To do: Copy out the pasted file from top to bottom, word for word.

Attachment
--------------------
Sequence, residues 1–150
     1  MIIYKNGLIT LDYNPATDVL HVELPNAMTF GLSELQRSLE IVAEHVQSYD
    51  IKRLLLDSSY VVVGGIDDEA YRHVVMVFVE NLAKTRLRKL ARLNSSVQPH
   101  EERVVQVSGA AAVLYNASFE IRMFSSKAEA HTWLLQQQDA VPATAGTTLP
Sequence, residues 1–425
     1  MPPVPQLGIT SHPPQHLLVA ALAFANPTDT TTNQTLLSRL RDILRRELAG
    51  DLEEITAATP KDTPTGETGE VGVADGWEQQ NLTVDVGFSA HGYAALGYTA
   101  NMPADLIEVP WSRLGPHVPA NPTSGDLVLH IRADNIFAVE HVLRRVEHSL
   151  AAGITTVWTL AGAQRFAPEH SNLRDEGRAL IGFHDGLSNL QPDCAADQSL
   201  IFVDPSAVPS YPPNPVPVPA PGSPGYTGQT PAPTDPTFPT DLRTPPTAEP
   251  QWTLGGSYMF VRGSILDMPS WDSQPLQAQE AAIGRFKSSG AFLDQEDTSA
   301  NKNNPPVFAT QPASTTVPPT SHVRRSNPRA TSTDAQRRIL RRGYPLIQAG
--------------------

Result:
Sequence, residues 1–150
     1  MIIYKNGLIT LDYNPATDVL HVELPNAMTF GLSELQRSLE IVAEHVQSYD
    51  IKRLLLDSSY VVVGGIDDEA YRHVVMVFVE NLAKTRLRKL ARLNSSVQPH
   101  EERVVQVSGA AAVLYNASFE IRMFSSKAEA HTWLLQQQDA VPATAGTTLP
Sequence, residues 1–425
     1  MPPVPQLGIT SHPPQHLLVA ALAFANPTDT TTNQTLLSRL RDILRRELAG
    51  DLEEITAATP KDTPTGETGE VGVADGWEQQ NLTVDVGFSA HGYAALGYTA
   101  NMPADLIEVP WSRLGPHVPA NPTSGDLVLH IRADNIFAVE HVLRRVEHSL
   151  AAGITTVWTL AGAQRFAPEH SNLRDEGRAL IGFHDGLSNL QPDCAADQSL
   201  IFVDPSAVPS YPPNPVPVPA PGSPGYTGQT PAPTDPTFPT DLRTPPTAEP
   251  QWTLGGSYMF VRGSILDMPS WDSQPLQAQE AAIGRFKSSG AFLDQEDTSA
   301  NKNNPPVFAT QPASTTVPPT SHVRRSNPRA TSTDAQRRIL RRGYPLIQAG